It’s time to reconsider job applicants with criminal records
Nearly 25 years ago, “Mary” was a drug addict with a criminal record that included larceny and theft. With rehabilitation and treatment, she got clean and built a life for herself. She has run her own business, earned a college degree, and become a mother and grandmother.
Yet her past was an obstacle to working in the financial industry, so when she wanted a job in a credit union, she needed permission from the federal regulator, the National Credit Union Administration.
As the NCUA’s chairman, my primary job is to protect the safety and soundness of the credit union system. But where appropriate, I also want to encourage the entire financial services industry to take reform-minded steps to better meet the needs of the communities in which they serve, so one of my first actions was to approve a waiver to recognize Mary’s success at turning her life around.
Part of our national identity is grounded in the idea that America is a place where people can start anew. Mary’s story is an example of how individuals, their families, their communities, and our society benefit when we practice forgiveness and extend redemption to those who sincerely repent past mistakes. The dividends are both spiritual and tangible.
But too often, hiring practices lack that quality of mercy; otherwise qualified applicants are rejected, based on long-ago convictions for low-level criminal activity.
Policymakers and business leaders have begun rethinking these punitive hiring practices. They are asking, “How we can better respond to the needs of Americans with old criminal records who need a fresh start?” I say it is about time, and the financial services industry should play a leading role in offering second chances.
In the nation’s capital, this line of thinking has substantial bipartisan appeal, judging by support for the First Step Act that President Trump signed into law last year. This comprehensive criminal justice reform law offers an innovative approach in areas like sentencing and rehabilitation to reduce recidivism. Though it only applies to federal offenses, it is a step in the right direction, and I hope that businesses follow Washington’s lead.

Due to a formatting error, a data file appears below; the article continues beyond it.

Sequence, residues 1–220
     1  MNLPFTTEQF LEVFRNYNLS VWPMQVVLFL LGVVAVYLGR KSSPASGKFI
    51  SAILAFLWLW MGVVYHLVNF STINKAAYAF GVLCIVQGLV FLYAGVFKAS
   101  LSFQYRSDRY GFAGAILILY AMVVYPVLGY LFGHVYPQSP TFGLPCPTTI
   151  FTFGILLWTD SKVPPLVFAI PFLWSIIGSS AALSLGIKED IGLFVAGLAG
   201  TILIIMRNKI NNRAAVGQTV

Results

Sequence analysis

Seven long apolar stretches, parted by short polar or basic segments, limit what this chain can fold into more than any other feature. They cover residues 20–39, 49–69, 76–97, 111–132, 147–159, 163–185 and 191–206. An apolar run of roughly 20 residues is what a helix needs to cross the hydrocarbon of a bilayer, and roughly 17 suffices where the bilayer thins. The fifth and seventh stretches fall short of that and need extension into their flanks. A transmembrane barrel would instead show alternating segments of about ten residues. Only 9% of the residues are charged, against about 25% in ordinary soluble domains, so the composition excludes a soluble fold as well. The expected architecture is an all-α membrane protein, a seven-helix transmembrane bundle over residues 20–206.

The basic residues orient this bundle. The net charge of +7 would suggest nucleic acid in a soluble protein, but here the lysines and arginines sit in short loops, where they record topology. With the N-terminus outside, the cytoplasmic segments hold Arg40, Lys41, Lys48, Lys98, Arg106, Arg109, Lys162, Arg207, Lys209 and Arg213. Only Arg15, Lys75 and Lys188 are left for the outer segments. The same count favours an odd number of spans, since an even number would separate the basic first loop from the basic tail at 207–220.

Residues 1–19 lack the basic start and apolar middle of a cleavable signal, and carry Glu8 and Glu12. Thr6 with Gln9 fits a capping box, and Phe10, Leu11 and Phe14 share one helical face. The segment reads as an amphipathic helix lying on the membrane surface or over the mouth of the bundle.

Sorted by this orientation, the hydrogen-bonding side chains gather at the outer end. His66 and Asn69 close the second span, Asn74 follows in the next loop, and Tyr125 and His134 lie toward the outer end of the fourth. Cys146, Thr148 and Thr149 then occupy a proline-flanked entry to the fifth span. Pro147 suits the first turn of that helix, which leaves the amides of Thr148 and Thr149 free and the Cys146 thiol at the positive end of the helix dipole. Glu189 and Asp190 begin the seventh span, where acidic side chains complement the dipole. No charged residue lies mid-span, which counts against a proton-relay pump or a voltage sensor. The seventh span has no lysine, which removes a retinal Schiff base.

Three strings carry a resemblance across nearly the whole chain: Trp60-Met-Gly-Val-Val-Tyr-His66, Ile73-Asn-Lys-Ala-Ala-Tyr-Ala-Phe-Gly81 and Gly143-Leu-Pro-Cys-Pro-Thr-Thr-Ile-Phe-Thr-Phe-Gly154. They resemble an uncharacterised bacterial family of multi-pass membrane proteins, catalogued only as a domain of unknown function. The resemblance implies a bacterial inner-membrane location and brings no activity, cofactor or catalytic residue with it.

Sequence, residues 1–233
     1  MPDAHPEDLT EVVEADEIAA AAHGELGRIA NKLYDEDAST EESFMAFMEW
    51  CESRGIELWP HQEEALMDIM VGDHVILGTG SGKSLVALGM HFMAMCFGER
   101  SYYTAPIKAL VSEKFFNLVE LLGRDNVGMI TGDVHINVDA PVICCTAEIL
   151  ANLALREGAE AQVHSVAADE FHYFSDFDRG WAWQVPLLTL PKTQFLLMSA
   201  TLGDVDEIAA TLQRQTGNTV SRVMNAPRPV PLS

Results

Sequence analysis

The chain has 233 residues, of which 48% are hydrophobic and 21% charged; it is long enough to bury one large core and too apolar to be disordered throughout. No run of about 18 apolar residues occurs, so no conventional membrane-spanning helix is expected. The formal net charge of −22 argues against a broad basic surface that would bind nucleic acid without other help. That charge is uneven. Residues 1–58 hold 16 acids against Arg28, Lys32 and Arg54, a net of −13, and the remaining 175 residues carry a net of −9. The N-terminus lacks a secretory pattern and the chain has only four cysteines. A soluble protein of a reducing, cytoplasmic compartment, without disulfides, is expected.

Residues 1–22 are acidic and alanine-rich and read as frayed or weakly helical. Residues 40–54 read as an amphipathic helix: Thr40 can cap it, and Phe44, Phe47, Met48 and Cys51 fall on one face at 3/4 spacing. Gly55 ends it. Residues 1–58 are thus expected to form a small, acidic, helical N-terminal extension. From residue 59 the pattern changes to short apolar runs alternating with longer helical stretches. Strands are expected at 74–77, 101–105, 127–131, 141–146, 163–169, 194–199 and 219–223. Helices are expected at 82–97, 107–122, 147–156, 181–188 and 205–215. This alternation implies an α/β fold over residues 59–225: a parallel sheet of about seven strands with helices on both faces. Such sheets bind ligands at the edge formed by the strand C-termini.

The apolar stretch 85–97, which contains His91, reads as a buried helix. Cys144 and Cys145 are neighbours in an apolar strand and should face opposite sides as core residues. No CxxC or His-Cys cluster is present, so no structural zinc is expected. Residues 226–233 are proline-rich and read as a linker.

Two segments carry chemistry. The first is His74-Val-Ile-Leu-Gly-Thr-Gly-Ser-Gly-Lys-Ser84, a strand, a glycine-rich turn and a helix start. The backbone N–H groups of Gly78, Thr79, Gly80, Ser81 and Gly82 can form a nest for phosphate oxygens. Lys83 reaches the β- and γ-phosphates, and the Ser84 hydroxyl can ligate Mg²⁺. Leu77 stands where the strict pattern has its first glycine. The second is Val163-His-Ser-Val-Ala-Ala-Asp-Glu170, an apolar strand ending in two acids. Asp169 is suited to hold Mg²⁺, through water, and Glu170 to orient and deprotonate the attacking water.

In the financial sector, there are particular sensitivities. For instance, it would be difficult to make the case for a job applicant with a past financial crime that would undermine customer trust, like embezzlement, money laundering or identity theft.
However, when considering potential hires, an exemption may be warranted if the applicant poses no risk to the safety and soundness of the financial system.
The NCUA is studying the guidance we provide to credit unions when they consider a job applicant with a checkered past to see if we can make changes. The Federal Credit Union Act bars anyone convicted of a crime “involving dishonesty or breach of trust” from being connected to the operations of an institution we insure in any way.
Certain minor offenses are not included in this prohibition, and people who have more serious convictions can, as in Mary’s case, ask the board’s permission to work in a credit union. That is a lengthy process, so it seems reasonable to see if we can make it easier. We are asking ourselves questions like:
Can we streamline the process and reduce burdens on applicants and financial institutions? Can that streamlining include delegating responsibility for reviewing these requests, instead of requiring a hearing before the entire board? Could the current prohibition be more narrowly defined, without creating risk for financial institutions?
Research shows the magnitude of the challenge and the opportunity.
It is hard to accurately estimate the number, but recent studies tell us about 77 million Americans have some kind of criminal record. A great many are not violent or career criminals, but people who made a mistake early in life who have since paid their debt to society.
These individuals could be a significant potential economic resource, yet they face hiring barriers that leave them unemployed or underemployed. The value of lost output of people with criminal records who have difficulty finding employment has been estimated at between $78 billion and $87 billion. Those numbers represent a significant drain on our economy. Opening a path forward for more of these people will reduce recidivism and poverty while strengthening families and communities.
I have heard it said that forgiveness is less about changing the past than it is about changing the future. Welcoming these individuals back into the mainstream of American life could be a boon for the industry, particularly in today’s tight labor market. The communities we serve will benefit as well, as it will mean new opportunities to those who otherwise might fall through the cracks, setting them on the path toward a stable, productive place in society.
Most of all, it is the right thing to do, and in keeping with Americans' shared values of forgiveness and redemption for those who are truly penitent.
This is an important conversation and a tremendous opportunity for the financial services industry. Washington took a major step in 2018 with the First Step Act. The private sector should look for ways to expand career opportunities for those who have paid their debt. Credit unions, banks and other financial institutions can play a vital role in leading the way forward.